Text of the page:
I guess that’s just part of the ‘magic’ of Mageia!

You will see this, however:

That is Oracle complaining that vast swathes of necessary software packages have not been installed -but pay no attention, because Atlas has indeed installed everything necessary. You can therefore click the Ignore All option with confidence, before hitting [Next].

After that… nothing alarming happens. The installer sails through the linking phase without drama and the database creation process begins -and finishes- without a problem.

Because there were no linking errors, an atlas-postinstall.sh script gets created in the oracle user’s Documents directory by Atlas. This can be run once the linking phase is complete (or after the entire installation, including database creation, completes), if you would like to do so. Running it is entirely optional:

Since I am my own oracle user, that’s me travelling to my own Documents directory, where I find a file called atlas-postinstall.sh. Note that it has already been made executable by Atlas. Therefore, to run it, you just type the command shown:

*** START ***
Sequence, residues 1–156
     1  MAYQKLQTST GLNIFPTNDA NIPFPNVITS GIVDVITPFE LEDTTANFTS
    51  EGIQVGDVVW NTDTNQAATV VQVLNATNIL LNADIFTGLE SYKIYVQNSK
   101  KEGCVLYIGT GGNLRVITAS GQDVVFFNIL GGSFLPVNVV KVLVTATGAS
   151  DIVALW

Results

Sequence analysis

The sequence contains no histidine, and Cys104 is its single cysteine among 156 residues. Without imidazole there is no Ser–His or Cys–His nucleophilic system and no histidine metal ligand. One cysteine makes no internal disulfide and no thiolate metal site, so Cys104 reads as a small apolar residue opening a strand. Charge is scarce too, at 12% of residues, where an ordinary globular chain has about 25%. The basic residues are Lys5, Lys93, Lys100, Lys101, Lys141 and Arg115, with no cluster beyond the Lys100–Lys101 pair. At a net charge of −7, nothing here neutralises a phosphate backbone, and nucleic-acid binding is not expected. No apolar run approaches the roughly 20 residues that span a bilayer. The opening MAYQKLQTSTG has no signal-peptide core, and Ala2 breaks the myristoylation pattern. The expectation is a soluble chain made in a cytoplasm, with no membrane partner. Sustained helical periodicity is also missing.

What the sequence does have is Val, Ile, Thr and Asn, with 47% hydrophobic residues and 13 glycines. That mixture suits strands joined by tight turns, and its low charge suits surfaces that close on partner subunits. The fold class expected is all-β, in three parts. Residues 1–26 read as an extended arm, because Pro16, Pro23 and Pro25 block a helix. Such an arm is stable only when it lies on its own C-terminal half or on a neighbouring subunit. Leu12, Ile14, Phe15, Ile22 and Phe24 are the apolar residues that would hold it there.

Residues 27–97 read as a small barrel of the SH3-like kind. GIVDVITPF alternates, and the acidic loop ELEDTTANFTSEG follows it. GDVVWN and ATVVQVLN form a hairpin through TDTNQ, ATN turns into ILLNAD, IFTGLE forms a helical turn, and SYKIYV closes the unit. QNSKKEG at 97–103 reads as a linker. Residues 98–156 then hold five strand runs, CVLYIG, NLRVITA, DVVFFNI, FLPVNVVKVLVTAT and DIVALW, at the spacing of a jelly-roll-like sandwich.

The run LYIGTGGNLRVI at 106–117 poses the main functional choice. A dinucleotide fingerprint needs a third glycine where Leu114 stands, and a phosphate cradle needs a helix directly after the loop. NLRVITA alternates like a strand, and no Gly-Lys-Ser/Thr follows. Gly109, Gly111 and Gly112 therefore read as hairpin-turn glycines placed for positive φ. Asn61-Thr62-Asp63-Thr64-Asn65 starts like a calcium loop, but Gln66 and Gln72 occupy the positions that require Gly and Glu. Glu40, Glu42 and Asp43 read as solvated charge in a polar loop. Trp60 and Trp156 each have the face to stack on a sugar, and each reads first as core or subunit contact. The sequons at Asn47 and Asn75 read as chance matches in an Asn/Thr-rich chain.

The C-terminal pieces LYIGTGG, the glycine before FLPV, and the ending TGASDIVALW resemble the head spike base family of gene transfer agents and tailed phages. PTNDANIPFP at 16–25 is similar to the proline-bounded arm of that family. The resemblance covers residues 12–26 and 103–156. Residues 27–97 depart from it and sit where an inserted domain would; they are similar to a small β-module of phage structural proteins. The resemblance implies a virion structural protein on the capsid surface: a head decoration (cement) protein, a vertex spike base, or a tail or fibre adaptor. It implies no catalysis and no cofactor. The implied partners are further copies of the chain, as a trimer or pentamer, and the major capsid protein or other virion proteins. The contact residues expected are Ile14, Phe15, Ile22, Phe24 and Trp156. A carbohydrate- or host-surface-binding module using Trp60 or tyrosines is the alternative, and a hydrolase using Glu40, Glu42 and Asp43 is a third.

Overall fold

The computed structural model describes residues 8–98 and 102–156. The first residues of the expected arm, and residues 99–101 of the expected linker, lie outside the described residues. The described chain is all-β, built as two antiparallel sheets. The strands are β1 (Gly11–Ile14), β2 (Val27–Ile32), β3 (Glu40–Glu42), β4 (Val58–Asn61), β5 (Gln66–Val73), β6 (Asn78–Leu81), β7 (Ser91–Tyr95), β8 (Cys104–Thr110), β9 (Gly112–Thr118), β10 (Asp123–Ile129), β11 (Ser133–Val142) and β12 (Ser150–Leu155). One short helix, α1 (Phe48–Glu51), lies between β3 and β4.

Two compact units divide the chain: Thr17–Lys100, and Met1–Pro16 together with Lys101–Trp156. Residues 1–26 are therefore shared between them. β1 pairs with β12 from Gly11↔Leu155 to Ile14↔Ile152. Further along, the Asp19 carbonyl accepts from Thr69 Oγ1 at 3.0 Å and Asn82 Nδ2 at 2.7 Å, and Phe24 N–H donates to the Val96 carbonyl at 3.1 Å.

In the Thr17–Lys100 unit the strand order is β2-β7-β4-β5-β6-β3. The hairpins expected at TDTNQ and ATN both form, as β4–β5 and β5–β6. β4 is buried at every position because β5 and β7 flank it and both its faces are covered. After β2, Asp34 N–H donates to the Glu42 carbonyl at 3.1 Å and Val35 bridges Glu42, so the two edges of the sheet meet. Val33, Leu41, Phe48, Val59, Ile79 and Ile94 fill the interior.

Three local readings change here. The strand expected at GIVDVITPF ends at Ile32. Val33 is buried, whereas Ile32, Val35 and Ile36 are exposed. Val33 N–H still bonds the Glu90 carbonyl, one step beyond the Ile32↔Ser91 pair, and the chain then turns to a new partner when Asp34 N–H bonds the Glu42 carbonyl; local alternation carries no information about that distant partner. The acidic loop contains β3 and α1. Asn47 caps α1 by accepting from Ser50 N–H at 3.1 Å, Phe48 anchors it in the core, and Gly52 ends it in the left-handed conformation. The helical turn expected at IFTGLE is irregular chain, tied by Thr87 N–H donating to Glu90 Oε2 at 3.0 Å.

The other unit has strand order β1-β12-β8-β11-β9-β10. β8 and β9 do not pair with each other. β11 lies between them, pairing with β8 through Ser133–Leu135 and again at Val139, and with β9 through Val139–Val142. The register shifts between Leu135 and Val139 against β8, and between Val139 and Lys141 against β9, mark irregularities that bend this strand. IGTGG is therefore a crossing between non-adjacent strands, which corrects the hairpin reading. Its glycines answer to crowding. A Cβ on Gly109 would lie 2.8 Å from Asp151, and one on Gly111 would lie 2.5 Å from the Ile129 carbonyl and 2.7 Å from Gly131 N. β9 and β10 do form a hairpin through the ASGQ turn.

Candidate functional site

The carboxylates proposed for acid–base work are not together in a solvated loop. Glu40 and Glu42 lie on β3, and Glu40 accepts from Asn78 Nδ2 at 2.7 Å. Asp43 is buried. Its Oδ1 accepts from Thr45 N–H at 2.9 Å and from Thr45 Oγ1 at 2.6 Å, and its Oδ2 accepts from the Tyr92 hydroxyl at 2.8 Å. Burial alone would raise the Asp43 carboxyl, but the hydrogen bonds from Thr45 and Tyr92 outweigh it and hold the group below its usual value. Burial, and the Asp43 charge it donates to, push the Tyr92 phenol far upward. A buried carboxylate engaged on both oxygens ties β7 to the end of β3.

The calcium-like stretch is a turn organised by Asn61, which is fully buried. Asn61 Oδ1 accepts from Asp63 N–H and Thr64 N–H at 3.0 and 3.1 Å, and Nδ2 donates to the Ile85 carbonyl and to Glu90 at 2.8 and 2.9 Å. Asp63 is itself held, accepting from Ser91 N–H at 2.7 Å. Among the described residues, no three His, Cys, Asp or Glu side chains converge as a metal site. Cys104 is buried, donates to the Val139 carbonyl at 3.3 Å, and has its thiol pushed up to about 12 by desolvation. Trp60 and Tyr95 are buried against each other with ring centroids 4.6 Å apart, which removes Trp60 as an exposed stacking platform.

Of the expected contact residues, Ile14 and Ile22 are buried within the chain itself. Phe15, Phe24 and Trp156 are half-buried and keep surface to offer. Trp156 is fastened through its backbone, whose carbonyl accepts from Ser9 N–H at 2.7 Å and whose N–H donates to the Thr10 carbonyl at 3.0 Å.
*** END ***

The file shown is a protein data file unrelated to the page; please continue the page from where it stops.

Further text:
When you do that, there is no indication given that anything has happened, but if you now run SQL*Plus and run queries, you’ll find that the output is page- and line-size formatted sensibly (unlike what you’d get by default).

However, it’s entirely optional whether you run this script: there’s no requirement to do so.

Anyway: here’s the finished result on Mageia 5.1:

Note that in this screenshot you see me typing a command: sql. That is simply an alias to the actual command sqlplus / as sysdba (thus logging you on to the database as SYS). The alias is there for convenience -and also invokes rlwrap, so that you can scroll up and down through all the commands you might type at the SQL*Plus command line. The alias gives you a command line history, in other words. If you prefer not to have a command line history, just type the regular command. The choice is yours.

Finally, a quick look at the database running on the Mageia 6 release (which is a testing release for a future version of Mageia):

(I should just mention that I had a hell of a time getting Mageia 6 running on anything! It’s clearly not ready for release: it wouldn’t run at all in either VirtualBox or VMware. I ended up reduced having to run it in KVM [or Gnome Boxes, which is the same thing with a nicer front-end], which is a pretty desperate move on my part! But as you can see… it gets there in the end.)